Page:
Lexus Division General Manager Jeff Bracken told industry insiders and reporters that the experiment is founded on an attempt to further elevate the already-praised Lexus customer experience, reports Automotive News.

    Even if the program is widely adopted, Lexus will not be the first in the Toyota brand family to employ a no-haggle strategy; Scion dealerships have operated under the “Pure Price” program since the brand was launched in the early part of this century.

    It’s unclear whether a shift to no-haggle pricing will buoy sales; Scion has struggled to maintain its low-margin strategy since the economic collapse and the only other brand to employ it on a long-term basis is GM’s now-defunct Saturn brand.

    Lexus sales are up more than 13% in 2015; the brand is in the hunt to reclaim the luxury sales volume crown which it lost to BMW in 2011.

  • Entry-level Audi R8 to get 2.9-liter V6?

    August 6, 2015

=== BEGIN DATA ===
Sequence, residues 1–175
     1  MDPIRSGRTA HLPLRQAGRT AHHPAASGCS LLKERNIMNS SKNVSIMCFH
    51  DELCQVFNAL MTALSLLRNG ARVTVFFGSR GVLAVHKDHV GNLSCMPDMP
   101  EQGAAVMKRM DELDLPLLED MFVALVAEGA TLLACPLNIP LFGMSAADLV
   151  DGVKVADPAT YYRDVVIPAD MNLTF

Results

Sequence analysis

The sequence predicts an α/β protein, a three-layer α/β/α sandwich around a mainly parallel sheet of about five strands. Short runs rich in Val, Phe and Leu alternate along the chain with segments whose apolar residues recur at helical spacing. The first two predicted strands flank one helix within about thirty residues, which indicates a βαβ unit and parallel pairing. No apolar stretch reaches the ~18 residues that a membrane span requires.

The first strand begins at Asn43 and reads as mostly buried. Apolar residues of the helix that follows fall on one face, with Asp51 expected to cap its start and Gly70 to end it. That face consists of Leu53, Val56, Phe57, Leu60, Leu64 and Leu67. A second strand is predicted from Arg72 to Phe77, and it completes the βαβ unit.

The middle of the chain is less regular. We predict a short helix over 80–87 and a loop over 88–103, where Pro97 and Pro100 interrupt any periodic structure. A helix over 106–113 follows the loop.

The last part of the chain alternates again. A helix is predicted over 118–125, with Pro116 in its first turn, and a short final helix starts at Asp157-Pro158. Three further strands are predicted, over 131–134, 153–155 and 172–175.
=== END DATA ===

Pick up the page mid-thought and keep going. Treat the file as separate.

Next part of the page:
Audi is widely believed to be developing an entry-level version of the second-generation R8 powered by a downsized engine, and a new report coming out of England sheds insight into what we can expect from it.

    According to Car magazine, the previous-gen model’s naturally-aspirated 4.2-liter V8 engine will be replaced by a brand new 2.9-liter V6 fitted with at least one turbo. The six-cylinder will make approximately 450 horsepower in its initial state of tune, roughly 35 more than the V8 it replaces but 90 less than the top-spec model’s naturally-aspirated 5.2-liter V10.

    The displacement wasn’t chosen at random. China, one of Audi’s biggest markets, slaps tariffs on all foreign-built cars with an engine that displaces over 3.0-liters. Audi’s new mill falls below the threshold with less than 100 cubic centimeters to spare, so it will help boost R8 sales in the world’s largest new car market. An evolution of the mill will be fitted to the next RS 4 for similar reasons.